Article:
…and I’ve solved it after a good power nap with a bit of trig. I’ll explain the diagram below.
Basically, any two points on a circle (
B) plus the center (
C) form an isosceles triangle, where the
CB radii (and therefore the outer two angles) are equal.
Looking at the diagram, we know the angle at
B (…and therefore the angle at
A) and the length of
AB. The angle at
C is simply
180 - (A + B). What we don’t know is the length of lines
AC or, FAR more importantly, as it determines the center of the arc,
Doing a bit of Googling to refresh my memory, I was reminded that
sin(B) / AC = sin(C) / AB. As
XC = AC - BX (and what we want is to place
C on the line that travels through both
X, moving things around gives me the formula
XC = (AB / sin(C)) * sin(B) - XB.
As the angles are absolutes that must be turned into relatives, creating variables that do so in the background keeps everything nice and tidy, and so the formula for the length of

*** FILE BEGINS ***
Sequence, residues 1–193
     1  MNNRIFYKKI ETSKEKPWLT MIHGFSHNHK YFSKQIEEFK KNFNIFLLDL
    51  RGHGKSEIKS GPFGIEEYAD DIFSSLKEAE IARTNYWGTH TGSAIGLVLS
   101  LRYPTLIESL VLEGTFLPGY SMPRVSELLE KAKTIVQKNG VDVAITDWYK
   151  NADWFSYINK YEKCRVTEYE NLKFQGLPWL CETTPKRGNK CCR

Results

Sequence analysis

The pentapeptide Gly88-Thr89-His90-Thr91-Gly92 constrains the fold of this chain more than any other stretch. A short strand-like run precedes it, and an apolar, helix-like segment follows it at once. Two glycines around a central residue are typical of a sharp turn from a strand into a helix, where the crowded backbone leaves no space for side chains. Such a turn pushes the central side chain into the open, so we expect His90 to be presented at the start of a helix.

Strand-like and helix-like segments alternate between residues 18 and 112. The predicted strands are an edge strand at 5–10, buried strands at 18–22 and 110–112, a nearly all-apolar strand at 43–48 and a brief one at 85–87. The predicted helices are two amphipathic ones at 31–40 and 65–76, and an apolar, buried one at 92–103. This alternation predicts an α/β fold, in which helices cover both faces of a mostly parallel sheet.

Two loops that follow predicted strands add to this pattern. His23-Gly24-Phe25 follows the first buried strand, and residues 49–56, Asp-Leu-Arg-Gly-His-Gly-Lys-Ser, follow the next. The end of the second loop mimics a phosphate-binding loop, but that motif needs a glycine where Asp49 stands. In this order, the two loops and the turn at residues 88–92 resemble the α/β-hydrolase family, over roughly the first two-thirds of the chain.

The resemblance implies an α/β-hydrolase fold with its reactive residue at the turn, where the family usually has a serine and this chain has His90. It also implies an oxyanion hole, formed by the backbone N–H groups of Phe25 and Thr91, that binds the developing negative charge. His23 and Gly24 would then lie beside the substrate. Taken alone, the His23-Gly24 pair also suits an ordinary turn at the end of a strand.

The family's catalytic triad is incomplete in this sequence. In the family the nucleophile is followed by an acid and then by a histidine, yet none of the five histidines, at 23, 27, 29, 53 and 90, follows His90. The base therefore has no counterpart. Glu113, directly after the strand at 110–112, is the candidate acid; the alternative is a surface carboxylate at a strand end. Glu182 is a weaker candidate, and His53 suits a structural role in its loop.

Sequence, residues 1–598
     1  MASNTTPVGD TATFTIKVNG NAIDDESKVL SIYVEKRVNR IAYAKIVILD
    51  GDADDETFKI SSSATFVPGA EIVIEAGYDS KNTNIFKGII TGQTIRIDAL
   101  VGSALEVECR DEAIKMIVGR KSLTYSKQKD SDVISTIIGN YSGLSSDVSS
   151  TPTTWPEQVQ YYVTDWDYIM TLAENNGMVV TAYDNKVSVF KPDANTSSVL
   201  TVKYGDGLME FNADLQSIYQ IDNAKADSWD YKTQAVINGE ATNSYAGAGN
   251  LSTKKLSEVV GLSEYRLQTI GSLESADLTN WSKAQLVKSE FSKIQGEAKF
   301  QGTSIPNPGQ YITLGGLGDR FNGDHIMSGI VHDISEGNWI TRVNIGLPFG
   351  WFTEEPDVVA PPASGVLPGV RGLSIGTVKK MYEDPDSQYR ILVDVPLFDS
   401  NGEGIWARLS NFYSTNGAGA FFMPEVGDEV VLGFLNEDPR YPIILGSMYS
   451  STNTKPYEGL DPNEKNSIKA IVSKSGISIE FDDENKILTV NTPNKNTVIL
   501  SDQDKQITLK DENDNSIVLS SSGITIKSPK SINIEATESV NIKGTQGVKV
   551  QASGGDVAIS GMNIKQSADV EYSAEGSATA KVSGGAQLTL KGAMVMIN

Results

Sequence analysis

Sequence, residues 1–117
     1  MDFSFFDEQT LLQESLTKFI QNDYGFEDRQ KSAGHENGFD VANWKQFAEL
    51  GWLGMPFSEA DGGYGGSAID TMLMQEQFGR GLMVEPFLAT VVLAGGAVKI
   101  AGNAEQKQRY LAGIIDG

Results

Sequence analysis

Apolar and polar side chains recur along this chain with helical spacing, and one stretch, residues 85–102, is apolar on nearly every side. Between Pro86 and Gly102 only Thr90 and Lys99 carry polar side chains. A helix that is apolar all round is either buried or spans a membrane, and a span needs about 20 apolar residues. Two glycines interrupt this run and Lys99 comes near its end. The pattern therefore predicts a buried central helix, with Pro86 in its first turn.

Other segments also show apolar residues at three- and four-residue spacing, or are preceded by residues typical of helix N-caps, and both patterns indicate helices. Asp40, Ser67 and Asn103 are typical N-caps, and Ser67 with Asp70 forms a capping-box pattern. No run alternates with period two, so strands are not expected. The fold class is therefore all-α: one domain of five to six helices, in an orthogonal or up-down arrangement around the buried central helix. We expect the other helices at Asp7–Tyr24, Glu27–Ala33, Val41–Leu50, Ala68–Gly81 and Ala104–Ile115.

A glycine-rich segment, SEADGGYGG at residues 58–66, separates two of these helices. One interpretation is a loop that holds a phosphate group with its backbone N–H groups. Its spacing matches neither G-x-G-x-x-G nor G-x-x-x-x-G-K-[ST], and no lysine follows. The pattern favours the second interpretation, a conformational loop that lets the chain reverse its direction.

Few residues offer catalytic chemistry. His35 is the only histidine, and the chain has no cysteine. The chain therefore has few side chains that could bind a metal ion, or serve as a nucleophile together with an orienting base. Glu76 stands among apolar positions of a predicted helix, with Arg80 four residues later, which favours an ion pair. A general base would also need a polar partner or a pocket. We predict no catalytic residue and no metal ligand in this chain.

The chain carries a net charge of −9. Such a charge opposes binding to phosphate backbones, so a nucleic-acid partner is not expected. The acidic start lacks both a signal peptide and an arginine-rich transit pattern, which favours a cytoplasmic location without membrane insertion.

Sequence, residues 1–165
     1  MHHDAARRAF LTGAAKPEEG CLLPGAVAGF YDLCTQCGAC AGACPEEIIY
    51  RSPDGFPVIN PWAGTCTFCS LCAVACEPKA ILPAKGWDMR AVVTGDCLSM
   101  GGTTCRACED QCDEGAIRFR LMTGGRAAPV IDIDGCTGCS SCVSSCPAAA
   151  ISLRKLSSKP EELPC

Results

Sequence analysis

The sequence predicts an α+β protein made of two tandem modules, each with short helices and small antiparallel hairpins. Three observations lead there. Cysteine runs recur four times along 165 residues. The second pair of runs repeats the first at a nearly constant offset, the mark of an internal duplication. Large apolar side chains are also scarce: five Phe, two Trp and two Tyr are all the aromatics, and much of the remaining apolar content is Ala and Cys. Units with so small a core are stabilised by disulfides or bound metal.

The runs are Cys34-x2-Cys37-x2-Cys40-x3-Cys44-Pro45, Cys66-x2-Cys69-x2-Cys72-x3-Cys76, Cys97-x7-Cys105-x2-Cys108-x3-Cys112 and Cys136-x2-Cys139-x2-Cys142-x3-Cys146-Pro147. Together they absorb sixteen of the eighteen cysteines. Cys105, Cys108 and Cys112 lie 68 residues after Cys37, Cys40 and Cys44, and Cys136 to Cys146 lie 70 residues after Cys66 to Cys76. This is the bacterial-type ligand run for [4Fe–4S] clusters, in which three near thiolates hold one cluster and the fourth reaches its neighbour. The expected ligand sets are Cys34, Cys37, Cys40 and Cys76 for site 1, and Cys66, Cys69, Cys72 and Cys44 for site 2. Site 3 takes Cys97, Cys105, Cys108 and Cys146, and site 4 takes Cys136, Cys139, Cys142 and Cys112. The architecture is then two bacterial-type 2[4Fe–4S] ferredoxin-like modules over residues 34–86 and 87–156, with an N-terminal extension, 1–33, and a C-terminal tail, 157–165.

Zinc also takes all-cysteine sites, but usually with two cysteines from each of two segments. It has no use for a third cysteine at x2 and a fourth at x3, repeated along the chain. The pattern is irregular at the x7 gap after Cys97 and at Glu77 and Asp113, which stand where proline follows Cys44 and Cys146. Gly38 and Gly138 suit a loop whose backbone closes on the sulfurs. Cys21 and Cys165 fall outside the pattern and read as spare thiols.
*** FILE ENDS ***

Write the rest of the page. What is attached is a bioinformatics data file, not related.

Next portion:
((Line_A_B / sinD(#c)) * sinD(#b)) - Line_X_B
…except the variables table seems to explode when you use measurements to calculate things, so what I have to use is a rather unwieldy
(Line_A_B / sinD(180 - (((AngleLine_A_B - 180)) + ((AngleLine_A_B - 180))))) * sinD(AngleLine_A_B - 180) - Line_X_B.
(Oh, yes. You MUST use ‘
sinD’ instead of ‘
sin’, as, while Valentina uses regular degrees for angles, the trig functions use radians by default. The ‘D’ after a trig function means it uses degrees for calculations. Forgetting the difference made me want to pull out my hair for a while there.)
It works VERY well, but, considering what a right royal pain it was to figure out and then put the formula together, I propose a tool is added to create an arc from
B with the center along the line that includes
X. (i.e. ‘Pick three points.’)
(Of course, there is still the issue that the ends of the curve(s) won’t necessarily be at the proper angle to the adjoining lines.)
Hope this helps!